On this website, unless stated otherwise, “first jhana” refers to “first samatha jhana”. Samatha is concentration practice. First jhana is the mental state whereby you are able to stay with an object for a long period of time without distraction. An object could be anything you are putting your focus on, and meditators often use the breath as their object.
When you reach a point where your attention is no longer drifting away from your object (e.g. going into thought loops or other distractions), and your concentration is steady, you are said to be in first jhana. Two of the most important aspects of first jhana in the area of personal development are pleasure and equanimity. In this state, one is able to generate one’s own feelings of well-being and therefore is no longer dependent on externalities – so this gets you out of grasping and frustration temporarily. If you then make the pleasure sensation the object of your first jhana, you can “cycle” it and create as much pleasure as you are physically and mentally able to take.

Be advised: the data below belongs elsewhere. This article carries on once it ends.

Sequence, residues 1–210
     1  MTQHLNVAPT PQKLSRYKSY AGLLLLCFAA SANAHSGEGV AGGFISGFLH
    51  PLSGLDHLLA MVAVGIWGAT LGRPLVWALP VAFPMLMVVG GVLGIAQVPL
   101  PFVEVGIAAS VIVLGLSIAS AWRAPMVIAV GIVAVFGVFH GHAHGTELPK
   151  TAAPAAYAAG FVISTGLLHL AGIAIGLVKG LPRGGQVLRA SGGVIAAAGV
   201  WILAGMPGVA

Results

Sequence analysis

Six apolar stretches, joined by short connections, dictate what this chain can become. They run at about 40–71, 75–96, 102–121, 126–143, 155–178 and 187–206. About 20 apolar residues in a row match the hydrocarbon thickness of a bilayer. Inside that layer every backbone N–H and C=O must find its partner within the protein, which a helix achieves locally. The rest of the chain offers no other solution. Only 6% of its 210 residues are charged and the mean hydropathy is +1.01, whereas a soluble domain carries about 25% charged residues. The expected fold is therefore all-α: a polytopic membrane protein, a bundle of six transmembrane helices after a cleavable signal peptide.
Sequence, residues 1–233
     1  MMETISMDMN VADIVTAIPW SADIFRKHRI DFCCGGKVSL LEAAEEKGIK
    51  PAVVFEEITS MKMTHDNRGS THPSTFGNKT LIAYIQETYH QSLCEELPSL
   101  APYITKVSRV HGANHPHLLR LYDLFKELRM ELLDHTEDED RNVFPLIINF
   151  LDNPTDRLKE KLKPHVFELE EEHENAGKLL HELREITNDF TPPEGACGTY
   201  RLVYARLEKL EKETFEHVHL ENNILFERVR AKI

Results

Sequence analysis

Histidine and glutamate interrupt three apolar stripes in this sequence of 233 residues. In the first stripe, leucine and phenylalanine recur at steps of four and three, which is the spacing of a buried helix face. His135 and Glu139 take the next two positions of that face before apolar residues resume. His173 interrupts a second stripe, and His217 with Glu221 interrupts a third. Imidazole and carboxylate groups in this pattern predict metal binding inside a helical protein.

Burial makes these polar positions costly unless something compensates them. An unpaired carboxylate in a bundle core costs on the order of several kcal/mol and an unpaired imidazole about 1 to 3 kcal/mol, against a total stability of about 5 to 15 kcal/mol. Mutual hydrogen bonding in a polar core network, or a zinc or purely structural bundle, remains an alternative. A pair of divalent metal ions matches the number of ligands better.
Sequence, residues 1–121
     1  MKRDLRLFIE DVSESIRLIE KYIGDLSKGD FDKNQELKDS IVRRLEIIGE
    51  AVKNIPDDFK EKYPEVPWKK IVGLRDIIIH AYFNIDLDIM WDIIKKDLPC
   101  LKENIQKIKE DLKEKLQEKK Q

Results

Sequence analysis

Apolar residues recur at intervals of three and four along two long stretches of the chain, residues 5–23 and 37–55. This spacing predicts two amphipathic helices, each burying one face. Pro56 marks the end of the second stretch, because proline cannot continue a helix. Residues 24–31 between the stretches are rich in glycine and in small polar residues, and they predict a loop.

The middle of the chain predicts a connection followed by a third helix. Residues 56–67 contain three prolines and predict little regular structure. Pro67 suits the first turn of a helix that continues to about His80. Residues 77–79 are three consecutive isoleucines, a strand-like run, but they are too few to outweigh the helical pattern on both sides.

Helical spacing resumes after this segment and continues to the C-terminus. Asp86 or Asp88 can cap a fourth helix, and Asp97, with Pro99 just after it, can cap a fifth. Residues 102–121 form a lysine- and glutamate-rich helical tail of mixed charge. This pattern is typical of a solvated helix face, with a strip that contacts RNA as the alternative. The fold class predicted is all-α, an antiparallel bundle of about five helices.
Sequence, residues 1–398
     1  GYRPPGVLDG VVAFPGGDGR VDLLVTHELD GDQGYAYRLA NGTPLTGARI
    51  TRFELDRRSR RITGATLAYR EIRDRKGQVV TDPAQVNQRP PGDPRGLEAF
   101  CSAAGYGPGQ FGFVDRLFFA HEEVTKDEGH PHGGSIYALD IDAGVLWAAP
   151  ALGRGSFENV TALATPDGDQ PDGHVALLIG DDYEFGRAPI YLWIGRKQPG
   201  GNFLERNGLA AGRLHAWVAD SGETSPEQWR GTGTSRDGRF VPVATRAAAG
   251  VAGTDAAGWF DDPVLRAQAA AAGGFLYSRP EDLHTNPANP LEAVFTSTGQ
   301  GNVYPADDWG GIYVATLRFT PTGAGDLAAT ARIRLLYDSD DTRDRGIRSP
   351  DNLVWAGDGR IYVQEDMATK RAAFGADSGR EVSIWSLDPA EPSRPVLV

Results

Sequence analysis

Equanimity is equally important as it allows you to examine your issues dispassionately and gain insight from them, rather than having them drag you down into unskilful mindsets.
It is my theory that anyone who achieves superiority in any field is bringing first jhana to that field, whether it be Tiger Woods making a masterful golf shot or a programmer hitting “the zone”.
The characteristics of first jhana as described in the Buddhist Pali Canon are as follows: directed thought, evaluation, rapture, pleasure, unification of mind, contact, feeling, perception, intention, consciousness, desire, decision, persistence, mindfulness, equanimity & attention.
Mastery of any field becomes possible when you realize first jhana can be applied universally to any object. Cultivating first jhana should therefore be the top priority for anyone wishing to make progress in any area. First jhana is required for practically every technique described on this site.